I had this breakthrough once when singing Don Ottavio’s aria “Il Mio Tesoro” in Frankfurt.  I wanted at all costs to sing the run in one breath.  The more I tried to sing in a way that stopped waste of breath, the worse it got.  Then remembering this concept of “giro del fiato” – to which Maestro Fisichella alludes, I consciously chose to not withhold the breath and to focus on its spinning up into the mask.  It felt like wasting air comparatively at first, but alas, suddenly I made it through the run, and sang the next “Il Mio Tesoro intanto” phrase all in one breath.  When I felt the air was swirling in a path, I was actually singing with less air.   It was actually the combination of the feeling of release of pressure on the cords (a feeling we perceive when we get airy, or opposite, when we achieve balanced flow phonation – in this case the latter) associated with the feeling of vibration and agitation of air (a sensation pretty similar to air movement).

Concluding, all students drive ideas into the ground, Miles; at least initially.  However, there is an economy in teaching voice.  If we abandon ideas because of their lack of scientific clarity, or because we think students will take them off into wrong tangents, we will do a disservice to the art.  The student will find that if they move real air into the sinuses the voice will not go into focus.  They will have the immediate effect. No matter how hard they try, it won’t work.  However, when they associate the idea of “giro del fiato” – the path of the breath – with other ideas, especially with the requirement of a focused tone, which any teacher worth anything will absolutely drive them toward –  then these things come into place well.  Then the teachings of the old maestri become a valid way for the student to have a sort of bio-feedback… the sensation becomes a guide for developing the correct intention (http://tenortalkblog.com/2010/10/18/the-memory-of-sound-sensation-and-emotion-in-singing/).  Without acceptance of the sensation of singing as a guide, we limit our ability to develop technique based on intenzionalita’,  which is the method I am interested in.

Thanks for your contribution, Miles!

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2 responses to “The Feeling of Giro di Fiato – Response to Miles

  1. Jack, I’m glad that you found my comments to give occasion for further discussion. I was not acquainted with the phrase “giro di fiato” before reading this entry, but if such a phrase is part of the vocabulary of Italian vocal technique and pedagogy, then I can understand how the perceptions of someone trained in that tradition would form themselves around such a metaphor. (In my experience, the content of our proprioceptions is shaped by the terms that we use to describe them, while in turn is influenced by the words that we hear used by others.) I have one question about the phrase, though: I associate “giro” with “girare” and understand it to mean “turn”—i.e., to change one’s direction (intransitive meaning) or to change the direction of something (transitive meaning). But here I take it that the phrase does not signify a “turning” of the breath, a change of direction, but rather a spinning. Is that right? If you would furnish some examples of how the phrase is used, I could get a better idea of its sense.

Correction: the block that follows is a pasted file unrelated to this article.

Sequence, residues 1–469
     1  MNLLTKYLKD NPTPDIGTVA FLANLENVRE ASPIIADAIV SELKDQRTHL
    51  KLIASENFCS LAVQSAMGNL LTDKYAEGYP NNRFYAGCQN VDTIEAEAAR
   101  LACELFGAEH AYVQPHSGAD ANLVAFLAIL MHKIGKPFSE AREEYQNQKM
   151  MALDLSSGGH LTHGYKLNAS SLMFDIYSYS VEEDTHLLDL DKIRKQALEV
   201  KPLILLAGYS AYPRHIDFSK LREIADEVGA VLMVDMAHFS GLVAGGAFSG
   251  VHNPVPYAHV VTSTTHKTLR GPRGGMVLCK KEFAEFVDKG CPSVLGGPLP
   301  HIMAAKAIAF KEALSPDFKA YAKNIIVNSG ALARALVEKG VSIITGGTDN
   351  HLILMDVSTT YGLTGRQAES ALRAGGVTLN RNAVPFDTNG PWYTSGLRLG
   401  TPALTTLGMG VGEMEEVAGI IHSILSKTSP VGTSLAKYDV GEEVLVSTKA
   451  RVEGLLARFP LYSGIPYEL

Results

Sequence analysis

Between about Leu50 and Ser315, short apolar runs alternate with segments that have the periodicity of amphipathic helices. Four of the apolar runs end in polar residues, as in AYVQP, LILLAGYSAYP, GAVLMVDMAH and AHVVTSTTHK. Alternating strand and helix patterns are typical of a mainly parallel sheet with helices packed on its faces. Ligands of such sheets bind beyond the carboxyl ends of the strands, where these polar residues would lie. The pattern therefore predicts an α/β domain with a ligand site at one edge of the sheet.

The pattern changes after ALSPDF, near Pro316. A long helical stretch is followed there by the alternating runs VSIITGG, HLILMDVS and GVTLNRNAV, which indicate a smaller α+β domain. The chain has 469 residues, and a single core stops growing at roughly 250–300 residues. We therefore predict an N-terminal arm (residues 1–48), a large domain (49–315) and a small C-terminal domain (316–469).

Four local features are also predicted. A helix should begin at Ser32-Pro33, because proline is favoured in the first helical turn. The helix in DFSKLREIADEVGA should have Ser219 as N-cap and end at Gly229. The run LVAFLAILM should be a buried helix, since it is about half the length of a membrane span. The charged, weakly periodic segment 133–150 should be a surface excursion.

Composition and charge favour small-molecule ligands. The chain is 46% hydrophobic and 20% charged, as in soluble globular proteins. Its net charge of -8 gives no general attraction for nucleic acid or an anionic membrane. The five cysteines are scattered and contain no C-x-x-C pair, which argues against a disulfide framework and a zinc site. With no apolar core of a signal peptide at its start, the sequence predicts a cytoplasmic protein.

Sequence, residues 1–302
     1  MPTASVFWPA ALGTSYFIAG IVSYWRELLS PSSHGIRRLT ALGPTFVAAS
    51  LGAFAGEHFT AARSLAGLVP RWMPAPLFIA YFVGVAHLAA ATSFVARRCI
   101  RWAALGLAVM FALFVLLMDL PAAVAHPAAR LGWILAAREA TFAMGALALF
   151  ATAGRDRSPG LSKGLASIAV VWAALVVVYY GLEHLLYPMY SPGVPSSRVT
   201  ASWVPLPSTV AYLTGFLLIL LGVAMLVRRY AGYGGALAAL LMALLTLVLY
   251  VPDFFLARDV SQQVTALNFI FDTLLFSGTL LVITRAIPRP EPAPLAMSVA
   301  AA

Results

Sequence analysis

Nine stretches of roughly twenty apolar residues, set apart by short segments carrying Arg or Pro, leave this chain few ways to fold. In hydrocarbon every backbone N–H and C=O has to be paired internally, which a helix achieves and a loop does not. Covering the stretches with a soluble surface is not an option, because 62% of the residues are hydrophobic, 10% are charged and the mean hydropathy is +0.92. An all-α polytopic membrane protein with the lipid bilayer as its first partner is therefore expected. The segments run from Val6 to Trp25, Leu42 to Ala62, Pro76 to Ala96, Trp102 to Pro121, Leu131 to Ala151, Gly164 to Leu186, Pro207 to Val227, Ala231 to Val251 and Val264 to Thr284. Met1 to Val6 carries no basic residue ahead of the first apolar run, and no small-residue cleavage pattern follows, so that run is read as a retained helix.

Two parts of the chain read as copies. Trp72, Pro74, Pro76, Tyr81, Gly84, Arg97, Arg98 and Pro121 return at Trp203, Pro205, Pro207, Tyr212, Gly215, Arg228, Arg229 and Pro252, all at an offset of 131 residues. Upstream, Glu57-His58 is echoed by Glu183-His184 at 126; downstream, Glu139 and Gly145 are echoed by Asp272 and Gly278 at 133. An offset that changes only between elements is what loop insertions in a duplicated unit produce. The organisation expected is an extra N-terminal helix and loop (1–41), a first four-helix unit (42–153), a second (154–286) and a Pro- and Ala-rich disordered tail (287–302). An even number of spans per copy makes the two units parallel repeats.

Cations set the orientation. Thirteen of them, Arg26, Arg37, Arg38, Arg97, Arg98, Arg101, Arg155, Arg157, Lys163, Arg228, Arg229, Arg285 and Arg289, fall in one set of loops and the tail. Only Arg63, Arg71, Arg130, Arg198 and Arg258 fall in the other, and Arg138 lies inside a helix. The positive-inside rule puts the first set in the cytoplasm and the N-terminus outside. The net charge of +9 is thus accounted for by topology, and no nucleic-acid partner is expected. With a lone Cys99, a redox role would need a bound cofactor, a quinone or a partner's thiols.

2. Jack,

    As you know, I just finished singing my first Alvaro. All that you speak of here I think explains the phenomenom I kept experiencing right exactly at a G-flat……….but I didn’t trust it enough, because I didn’t understand it

    I do not yet have the clip to share/show, however in the Act IV duet with Don Carlo, there’s the line “…deh! Chiniam la fronte al fato, o fratel, pieta! pieta”
    there’s a G-flat written by the great Verdi right at the FA syllable of fato………
    At that very moment, I clearly experienced what I understand now to be “il giro di fiato”, which I can only describe by the sensation of the natural vibrato of my tone reversing cycles. Being that it is in the passagio, I anticipated having to utilize more energy, which I achieved by actually opening the region around the tone (which while singing I believed to be the pharynx). When this cycle “reversion” would occur, the actual tone felt to be working against the breath coming up through my throat. As a result, the A-naturals in “O fratel! Pieta! Pieta!” were always, always there

    I found it very difficult to trust this sensation……….but I trusted Verdi, and kept on with it. In the recording it sounds even, but it did not while singing.

    Might this be what you are speaking of here??? I had never consciously experienced singing “against the breath” like this.